Sunday Gospel Reflection (Luke 9:51-62)
In today’s Gospel, Jesus sets the bar high for his followers. Not everyone is called to follow Christ in the same way. But we are all called to “Put on the new man in Christ.” That is, to live Christian perfection and holiness according to the circumstances of ones own life.
Jesus rebukes James and John for suggesting that they “Call down fire from heaven” to scorch a Samaritan village, because they have not assimilated the Gospel message of mercy, forgiveness, and peace. Because of our human passions and self-interest, we all deserve this rebuke from time to time, e.g., when we curse people in traffic, deal harshly with our spouse or children, spread gossip that threatens our neighbor’s reputation. When we call ourselves Christian, we assume a great responsibility to behave like Christians and treat others as Christ would treat them: “Put on the new man in Christ” (Ephesians 4:24, Colossians 2:10).
Jesus’ response to his would be follower, “Foxes have dens and birds have nests, but the Son of Man has no place to rest his head,” means if you want to follow me you have to become like me. Christ’s challenge tests our resolve to move beyond the mere desire to follow him and prove where our heart truly resides. Today’s culture of comfort seeking and pleasure runs contrary to Christ’s call and can be an impediment to following him if we are not prepared to put aside our criteria to live the Gospel.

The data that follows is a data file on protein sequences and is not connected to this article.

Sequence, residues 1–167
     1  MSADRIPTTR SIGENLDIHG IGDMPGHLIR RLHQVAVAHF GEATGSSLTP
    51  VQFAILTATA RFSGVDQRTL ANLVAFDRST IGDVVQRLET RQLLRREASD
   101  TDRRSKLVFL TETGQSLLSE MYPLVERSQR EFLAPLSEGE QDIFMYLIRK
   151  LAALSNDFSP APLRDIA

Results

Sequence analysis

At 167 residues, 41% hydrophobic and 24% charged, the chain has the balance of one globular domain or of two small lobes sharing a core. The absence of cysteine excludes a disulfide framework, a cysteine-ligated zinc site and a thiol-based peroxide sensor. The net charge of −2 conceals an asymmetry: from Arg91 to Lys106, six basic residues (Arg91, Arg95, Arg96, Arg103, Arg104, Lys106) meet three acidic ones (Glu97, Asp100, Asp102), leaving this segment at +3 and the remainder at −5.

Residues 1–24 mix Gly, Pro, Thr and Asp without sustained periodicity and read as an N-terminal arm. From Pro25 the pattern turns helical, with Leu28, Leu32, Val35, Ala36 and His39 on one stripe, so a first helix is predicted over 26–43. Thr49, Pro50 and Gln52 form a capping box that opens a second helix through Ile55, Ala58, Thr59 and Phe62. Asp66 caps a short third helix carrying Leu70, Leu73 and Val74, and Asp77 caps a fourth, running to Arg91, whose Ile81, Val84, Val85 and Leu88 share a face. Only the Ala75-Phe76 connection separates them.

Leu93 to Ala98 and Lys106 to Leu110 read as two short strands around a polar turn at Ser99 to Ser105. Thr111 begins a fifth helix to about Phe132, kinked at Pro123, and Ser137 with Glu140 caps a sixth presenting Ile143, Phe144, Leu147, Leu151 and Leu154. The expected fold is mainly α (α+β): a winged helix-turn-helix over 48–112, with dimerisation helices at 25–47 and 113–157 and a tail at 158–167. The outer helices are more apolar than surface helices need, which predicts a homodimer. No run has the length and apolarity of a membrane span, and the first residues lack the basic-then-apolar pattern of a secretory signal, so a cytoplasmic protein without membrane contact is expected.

“Let the dead bury the dead.” In response to a young man who wishes to bury his father, our Lord’s words could sound like a dispensation from the fourth commandment, “Honor your mother and father.” Rather, it is a reminder that the first three commandments before this one tell us to love God above all things. We must also bear in mind that Jesus gives this response to a man who says, “I will follow you, but…” God will never ask of us to take on any more than we can possibly handle. When doing God’s will seems too difficult to manage, the Lord invites us to examine our own expectations and limitations more carefully in order to discern whether we have understood his plans for us. He won’t set us up for failure.
Jesus’ invitation to “Be perfect as your heavenly Father is perfect” is a universal call to holiness. Every man and woman is called to holiness according to his or her state in life. What makes this task seem impossible is that no one can accomplish this on their own. This is why Jesus tells his followers, “If you want to be perfect, follow me.”
Being holy is not measured by how much we do or even how much we pray, but rather the extent to which we identify our criteria and ourselves with Jesus Christ within the circumstances of our ordinary everyday lives.